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Paul Zimmerman
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Hospitality Businesses Should Consider “Play and Pay” for the ACA

by Paul Palkovic

A hospitality industry professional recently asked me if I thought most hotels would stop offering group health insurance coverage to their employees and have them purchase their own policies from Covered California.  My answer: Absolutely not.

When it comes to working within the Affordable Care Act (ACA) there are generally two options discussed.  The “Pay” option, is when an employer with over 100 full-time employees now and over 50 in 2016 (those working greater than 30 hours per week) chooses to pay the fines associated with failing to offer ACA compliant group health insurance coverage to all their full -time employees. Contrast that with the “Play” option, whereby an employer offers ACA compliant insurance that meets the requirements for minimum value coverage and affordability (employee contribution of no more than 9.5% of annual income) to all full-time employees.

A third approach might be called “Play and Pay.” Though this approach is certainly not a viable option for every hotel, it is a more creative approach to offering health insurance coverage to an employee population that is largely driven by each employer’s budget, unique demographic and employee income situation. The employer offers ACA compliant coverage to some employees while not offering it to others and absorbing any resultant fines.  The current lack of nondiscrimination rules makes the Pay and Play option viable – at least for now. 

A good example would be to imagine a hotel with 200 employees that currently offers ACA compliant coverage to 80 key employees. The hotel’s monthly per-employee premium is roughly $416, making its annual cost $400,000. After careful counting of hours worked, the hotel determines that another 80 of its 120 variable hour employees are considered full-time for ACA coverage. The employer is not required to offer coverage to the 40 employees who work less than 30 hours per-week.  If the hotel took the “Pay” option and terminated its current company sponsored insurance program, its penalties would add up to $160,000 for 2015. The hotel would also need to compensate its 80 key employees for lost health coverage. Hence, the employer would likely continue to incur an amount close to the $400,000 annual premium it is are now in addition to a $56,000 business tax adjustment, as the payout would not be a tax deductible expense like the premium. The gross total cost of the ”Pay” option for this hotel would be roughly $616,000. On the other hand, the total cost of the “Play” option-- offering the current coverage to all 160 eligible employees--would be roughly $800,000.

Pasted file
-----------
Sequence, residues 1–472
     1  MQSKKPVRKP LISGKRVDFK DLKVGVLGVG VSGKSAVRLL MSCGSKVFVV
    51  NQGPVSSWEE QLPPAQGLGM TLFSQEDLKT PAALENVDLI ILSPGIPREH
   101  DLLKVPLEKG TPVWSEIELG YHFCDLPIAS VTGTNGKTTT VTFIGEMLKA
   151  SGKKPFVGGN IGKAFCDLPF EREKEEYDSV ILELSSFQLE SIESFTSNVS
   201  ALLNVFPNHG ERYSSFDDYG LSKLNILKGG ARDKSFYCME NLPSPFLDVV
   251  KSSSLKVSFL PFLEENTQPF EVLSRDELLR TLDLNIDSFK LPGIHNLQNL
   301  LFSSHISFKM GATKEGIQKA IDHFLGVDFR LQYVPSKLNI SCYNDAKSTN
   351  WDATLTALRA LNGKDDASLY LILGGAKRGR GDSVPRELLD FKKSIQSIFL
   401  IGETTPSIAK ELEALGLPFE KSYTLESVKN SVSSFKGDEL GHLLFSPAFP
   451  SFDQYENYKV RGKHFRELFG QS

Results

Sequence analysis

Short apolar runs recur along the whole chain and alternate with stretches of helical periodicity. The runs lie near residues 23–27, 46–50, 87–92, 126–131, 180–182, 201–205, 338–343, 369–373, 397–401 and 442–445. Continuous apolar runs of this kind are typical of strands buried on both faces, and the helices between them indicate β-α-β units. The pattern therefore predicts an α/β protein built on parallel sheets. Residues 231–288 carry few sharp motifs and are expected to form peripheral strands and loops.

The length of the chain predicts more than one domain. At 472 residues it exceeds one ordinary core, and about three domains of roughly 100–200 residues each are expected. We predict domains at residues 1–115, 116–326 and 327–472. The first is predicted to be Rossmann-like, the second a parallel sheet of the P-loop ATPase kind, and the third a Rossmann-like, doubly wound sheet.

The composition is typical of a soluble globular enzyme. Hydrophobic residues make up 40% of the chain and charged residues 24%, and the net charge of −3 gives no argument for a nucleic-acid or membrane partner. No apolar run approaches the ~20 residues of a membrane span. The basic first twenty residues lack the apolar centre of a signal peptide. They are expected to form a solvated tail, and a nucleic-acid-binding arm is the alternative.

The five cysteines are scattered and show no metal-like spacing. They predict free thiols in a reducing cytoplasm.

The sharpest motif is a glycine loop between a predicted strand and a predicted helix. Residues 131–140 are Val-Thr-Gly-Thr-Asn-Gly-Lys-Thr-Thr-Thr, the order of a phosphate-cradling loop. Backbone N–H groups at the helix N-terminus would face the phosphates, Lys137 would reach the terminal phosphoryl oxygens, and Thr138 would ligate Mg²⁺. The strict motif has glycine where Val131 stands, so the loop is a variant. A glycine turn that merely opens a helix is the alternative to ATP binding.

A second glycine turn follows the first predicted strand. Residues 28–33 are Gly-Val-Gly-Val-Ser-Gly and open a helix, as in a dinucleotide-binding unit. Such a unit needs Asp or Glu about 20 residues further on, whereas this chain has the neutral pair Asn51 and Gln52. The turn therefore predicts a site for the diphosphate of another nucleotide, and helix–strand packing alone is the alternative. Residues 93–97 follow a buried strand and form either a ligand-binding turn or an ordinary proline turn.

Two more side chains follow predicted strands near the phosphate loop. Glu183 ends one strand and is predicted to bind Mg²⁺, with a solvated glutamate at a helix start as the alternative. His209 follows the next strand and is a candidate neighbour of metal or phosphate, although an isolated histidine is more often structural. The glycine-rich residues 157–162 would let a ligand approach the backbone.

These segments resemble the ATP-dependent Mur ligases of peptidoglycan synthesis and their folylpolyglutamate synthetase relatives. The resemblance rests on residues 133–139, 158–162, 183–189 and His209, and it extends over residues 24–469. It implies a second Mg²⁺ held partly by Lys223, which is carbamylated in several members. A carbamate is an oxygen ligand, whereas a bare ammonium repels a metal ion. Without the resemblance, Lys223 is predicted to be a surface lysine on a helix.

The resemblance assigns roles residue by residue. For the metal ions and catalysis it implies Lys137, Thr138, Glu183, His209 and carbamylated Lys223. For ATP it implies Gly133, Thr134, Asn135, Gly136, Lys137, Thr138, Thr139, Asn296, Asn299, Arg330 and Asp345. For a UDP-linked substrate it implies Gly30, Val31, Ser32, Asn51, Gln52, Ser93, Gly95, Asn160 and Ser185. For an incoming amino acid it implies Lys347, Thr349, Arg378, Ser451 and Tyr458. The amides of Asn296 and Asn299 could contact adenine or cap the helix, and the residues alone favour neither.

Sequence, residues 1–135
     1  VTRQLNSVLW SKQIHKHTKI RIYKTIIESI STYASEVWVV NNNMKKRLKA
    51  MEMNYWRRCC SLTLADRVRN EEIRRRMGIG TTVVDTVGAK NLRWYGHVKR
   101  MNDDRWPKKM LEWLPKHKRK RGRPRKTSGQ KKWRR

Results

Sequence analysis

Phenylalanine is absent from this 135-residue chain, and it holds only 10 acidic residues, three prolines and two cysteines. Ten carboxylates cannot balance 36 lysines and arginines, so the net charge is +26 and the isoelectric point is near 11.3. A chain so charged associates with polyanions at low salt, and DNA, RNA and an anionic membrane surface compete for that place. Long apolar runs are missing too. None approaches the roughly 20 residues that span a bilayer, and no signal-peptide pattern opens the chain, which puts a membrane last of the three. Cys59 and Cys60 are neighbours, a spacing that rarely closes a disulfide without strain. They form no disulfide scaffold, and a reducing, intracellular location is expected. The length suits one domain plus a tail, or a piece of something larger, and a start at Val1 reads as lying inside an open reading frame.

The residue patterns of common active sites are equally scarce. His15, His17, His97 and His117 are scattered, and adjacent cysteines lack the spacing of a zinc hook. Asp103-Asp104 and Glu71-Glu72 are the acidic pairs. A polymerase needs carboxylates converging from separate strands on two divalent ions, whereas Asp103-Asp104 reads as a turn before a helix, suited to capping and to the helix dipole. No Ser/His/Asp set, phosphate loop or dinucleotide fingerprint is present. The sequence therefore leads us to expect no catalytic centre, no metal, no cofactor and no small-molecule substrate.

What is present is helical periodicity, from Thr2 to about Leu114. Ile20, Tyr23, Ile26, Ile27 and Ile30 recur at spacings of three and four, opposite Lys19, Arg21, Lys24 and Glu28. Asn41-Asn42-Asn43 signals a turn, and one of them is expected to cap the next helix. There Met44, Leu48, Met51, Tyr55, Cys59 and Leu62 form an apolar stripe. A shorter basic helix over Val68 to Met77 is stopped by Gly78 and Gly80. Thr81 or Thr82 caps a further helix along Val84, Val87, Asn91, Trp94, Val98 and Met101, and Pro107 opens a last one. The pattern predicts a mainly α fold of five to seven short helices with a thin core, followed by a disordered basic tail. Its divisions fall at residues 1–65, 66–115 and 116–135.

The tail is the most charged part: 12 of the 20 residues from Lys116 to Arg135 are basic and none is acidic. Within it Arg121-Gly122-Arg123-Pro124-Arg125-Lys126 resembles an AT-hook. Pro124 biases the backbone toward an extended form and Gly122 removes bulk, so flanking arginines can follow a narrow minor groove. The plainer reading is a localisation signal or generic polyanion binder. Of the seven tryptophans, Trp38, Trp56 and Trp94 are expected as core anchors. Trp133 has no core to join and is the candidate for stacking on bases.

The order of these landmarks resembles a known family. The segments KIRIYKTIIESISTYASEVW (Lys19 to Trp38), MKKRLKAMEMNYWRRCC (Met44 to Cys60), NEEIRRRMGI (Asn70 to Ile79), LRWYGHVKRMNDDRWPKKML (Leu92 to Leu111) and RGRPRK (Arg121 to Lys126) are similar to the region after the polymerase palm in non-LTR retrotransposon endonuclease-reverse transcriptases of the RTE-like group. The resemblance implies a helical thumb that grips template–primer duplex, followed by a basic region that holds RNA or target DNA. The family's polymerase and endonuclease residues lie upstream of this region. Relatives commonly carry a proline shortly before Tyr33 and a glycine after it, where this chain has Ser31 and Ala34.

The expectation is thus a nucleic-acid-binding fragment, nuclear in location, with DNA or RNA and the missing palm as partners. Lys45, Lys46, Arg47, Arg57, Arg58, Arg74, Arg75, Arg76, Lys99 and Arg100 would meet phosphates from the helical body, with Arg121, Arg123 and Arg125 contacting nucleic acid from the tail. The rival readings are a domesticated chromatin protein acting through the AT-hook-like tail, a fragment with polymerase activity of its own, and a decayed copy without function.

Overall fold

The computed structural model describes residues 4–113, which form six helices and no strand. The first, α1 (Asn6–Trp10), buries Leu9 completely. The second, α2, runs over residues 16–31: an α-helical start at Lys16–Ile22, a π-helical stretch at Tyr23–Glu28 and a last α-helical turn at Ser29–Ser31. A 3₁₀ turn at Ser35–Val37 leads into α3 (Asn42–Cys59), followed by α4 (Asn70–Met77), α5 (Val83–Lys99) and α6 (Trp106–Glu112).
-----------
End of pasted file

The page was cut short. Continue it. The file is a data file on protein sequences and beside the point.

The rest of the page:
The Pay and Play option would dictate this hotel owner or operator take a different approach. For example, the 2015 rules require that an employer offer coverage to 70% of eligible employees, so in this case 14 full-time employees. The business could continue paying $400,000 for the 80 employees as it has in the past and also offer 40 employees who work between 35 and 40 hours an ACA compliant high deductible plan, and ask them to pay $90 a month towards an employee contribution. Some of these employees would have coverage from elsewhere, buy coverage on their own, or they could see the $90 as being too expensive, and choose to go bare and pay the IRS penalty. In any event, the participation level for these 40 employees would likely be low – probably no more than 30% (or 12 employees) which would equate to roughly $23,000 in employer paid premiums. The remaining 40 employees who work between 30 and 35 hours per week would not be offered coverage.  This would trigger a penalty if any of those employees chose to go to Covered California and receive a subsidy. However, many of these employees will be eligible for Medi-Cal, have other coverage, or choose to pay the IRS fine which all are contributing to limit the amount of the employer’s penalty.  The total cost in fines would likely be around $30,000. The total cost of the Play and Pay approach would be $453,000 as compared to a gross cost of $616,000 if the hotel chose to terminate its program. The Pay and Play approach would allow the employer to perpetuate the benefits it had offered to its original 80 employees, expanding benefits to another 40 employees for only a nominal cost, and enhance employee attraction and retention.  

As we move through the full implementation of the ACA, it’s advisable for health insurance buyers to begin their renewal process early, at least four to five months out. It’s also advisable to stay engaged with a creative and pro-active broker that knows the rules, stays on top of current changes and has a strong ACA compliance specialist on their staff.

Paul Palkovic, ARM, CPCU
Bolton & Company
Insurance Brokers and Employee Benefits Consultants
ppalkovic@boltonco.com

This article is not offered as, and should not be relied on as, legal advice. You should consult an attorney for advice in specific situations.